The City Sentinel

Exonerated ‘Central Park Five’ member Raymond Santana to speak in Edmond

Darla Shelden Story by on January 17, 2020 . Click on author name to view all articles by this author. You can follow any responses to this entry through the RSS 2.0. Both comments and pings are currently closed.
Oklahoma Christian University’s “History Speaks” series will feature exonerated 'Central Park Five' member Raymond Santana on Feb. 3. Photo provided.

Oklahoma Christian University’s “History Speaks” series will feature exonerated ‘Central Park Five’ member Raymond Santana on Feb. 3. Photo provided.


By Darla Shelden
City Sentinel Reporter

 

OKLAHOMA CITY, OK – Oklahoma Christian University’s annual Black History Month event, History Speaks will feature Raymond Santana, one of the wrongfully convicted ‘Central Park Five’ now known as the ‘Exonerated Five’ on Monday, February 3.

The Raymond Santana History Speaks event will take place from 7 – 9 p.m., at Baugh Auditorium, 2501 E Memorial Road. on the Oklahoma Christian University campus in Edmond.

In its sixth year, the popular History Speaks lecture series is known for bringing in the most influential voices for civil rights, like Raymond Santana.

On the night of April 19, 1989, a 28-year-old female jogger was brutally attacked and raped in New York City’s Central Park. She was found unconscious with severe, life-threatening injuries. When she recovered, she had no memory of the assault.

Initial police investigations quickly focused on a group of African American and Latino youths who were in police custody for a series of other attacks perpetrated in the park that night.

The defendants, five boys between 14 and 16 years of age, were convicted and became known collectively as the ‘Central Park Five.’

After the teens served out their sentences, Matias Reyes came forward to claim sole responsibility for the attack. A convicted serial rapist and murderer serving a minimum 33-year sentence, Reyes’ DNA and confession matched evidence.

The Central Park Five were finally exonerated in 2002.

Santana had spent five years in prison and more than a decade as an outcast for a crime he did not commit.

The investigation of the convictions of the five teenagers has raised questions regarding police coercion and false confessions, as well as, the vulnerability of juveniles during police interrogations.

After his exoneration, Santana became a vocal advocate for criminal justice reform and often speaks on the topic.

A tweet from Santana to award-winning director Ava DuVernay led to the dramatization of the Central Park Five story in the popular Netflix original series, “When They See Us.” The four-part series not only became one of Netflix’s most-watched shows. The series also earned a total of 16 Emmy nominations, the most ever captured by Netflix.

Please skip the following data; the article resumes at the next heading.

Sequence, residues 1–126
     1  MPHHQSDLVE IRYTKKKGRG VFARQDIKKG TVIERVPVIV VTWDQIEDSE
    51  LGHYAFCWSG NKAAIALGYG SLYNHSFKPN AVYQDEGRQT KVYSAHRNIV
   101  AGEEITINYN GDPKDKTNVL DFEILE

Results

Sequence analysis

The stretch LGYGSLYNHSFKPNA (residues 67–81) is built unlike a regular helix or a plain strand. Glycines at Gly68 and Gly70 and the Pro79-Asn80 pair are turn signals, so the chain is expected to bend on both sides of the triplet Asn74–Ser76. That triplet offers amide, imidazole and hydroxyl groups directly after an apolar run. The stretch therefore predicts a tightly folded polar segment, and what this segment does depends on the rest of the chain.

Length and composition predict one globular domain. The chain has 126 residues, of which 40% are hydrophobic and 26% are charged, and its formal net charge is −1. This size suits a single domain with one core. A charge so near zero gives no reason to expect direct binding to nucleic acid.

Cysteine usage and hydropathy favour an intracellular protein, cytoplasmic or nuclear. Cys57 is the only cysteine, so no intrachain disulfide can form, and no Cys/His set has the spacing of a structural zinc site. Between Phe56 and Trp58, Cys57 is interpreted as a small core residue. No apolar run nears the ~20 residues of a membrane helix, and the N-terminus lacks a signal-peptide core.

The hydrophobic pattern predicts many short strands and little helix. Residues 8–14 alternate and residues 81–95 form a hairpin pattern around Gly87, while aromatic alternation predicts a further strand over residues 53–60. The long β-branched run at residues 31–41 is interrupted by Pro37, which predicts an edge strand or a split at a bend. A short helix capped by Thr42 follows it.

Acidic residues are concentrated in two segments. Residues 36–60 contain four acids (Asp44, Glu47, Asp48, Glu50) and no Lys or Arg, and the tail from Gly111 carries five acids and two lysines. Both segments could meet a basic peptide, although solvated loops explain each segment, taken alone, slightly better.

Last June, Julie Jacobs reported for the New York Times, “After the mini-series was released…, there was immediate backlash against Linda Fairstein, who ran the sex crimes division of the district attorney’s office at the time of the case. Ms. Fairstein was portrayed as the driving force behind the prosecution, ignoring evidence that did not validate her belief that the boys were guilty.”

Jacobs added that Fairstein, who had become a successful crime novelist, was dropped by her publisher and later resigned from the boards of several organizations, including Vassar College, her alma mater

Also that month, Jerry Lambe reported that Central Park Five lead prosecutor Elizabeth Lederer resigned from her teaching position at Columbia Law School in response to backlash over the miniseries.

The day before Lederer’s resignation, the Columbia Black Law Students Association sent a letter addressed to the “law school community” in which they demanded the school cut ties with her.

Oprah interviewed the ‘Exonerated Five’ during an hour-long special, Oprah Winfrey Presents When They See Us Now, which aired last June and award-winning filmmaker Ken Burns produced Central Park Five, a special for PBS, that premiered in 2012.

Two years after collecting a $41 million wrongful conviction payout from New York City, the group received another $3.9 million in a 2016 settlement with the state. The state Court of Claims payout covered the economic and emotional devastation caused by the incarceration of the five men, who were just teens when they began serving between six and 13 years in prison.

“I understand people say it’s a lot of money. The reality is there’s no amount of money that would adequately compensate them,” said Jonathan Moore, one of the group’s attorneys in both settlements. “They’ve suffered every day since 1989 and they’re still suffering.”

Santana now works closely with the Innocence Project and is a member of the New York City Justice League. He owns the clothing company Park Madison NYC, named after his home city.

History Speaks is an annual civil rights lecture hosted by Oklahoma Christian University as a part of the institution’s commitment to engage students and the community with complex dialogue.

Past History Speaks lecturers include Bryan Stevenson, Ambassador Andrew Young, Wheeler Parker, Jr., Diane Nash, Olympic medalists John Carlos and Tommie Smith, Carlotta Walls LaNier and Terrence Roberts of the Little Rock Nine, and Claudette Colvin and Fred Gray.

The Raymond Santana event is free, but tickets are required and typically sell out quickly. Tickets can be reserved at OC.edu/historyspeaks.

Exonerated member of the Central Park Five, Raymond Santana now works closely with the Innocence Project and is a member of the New York City Justice League. Photo provided.

Exonerated member of the Central Park Five, Raymond Santana now works closely with the Innocence Project and is a member of the New York City Justice League. Photo provided.

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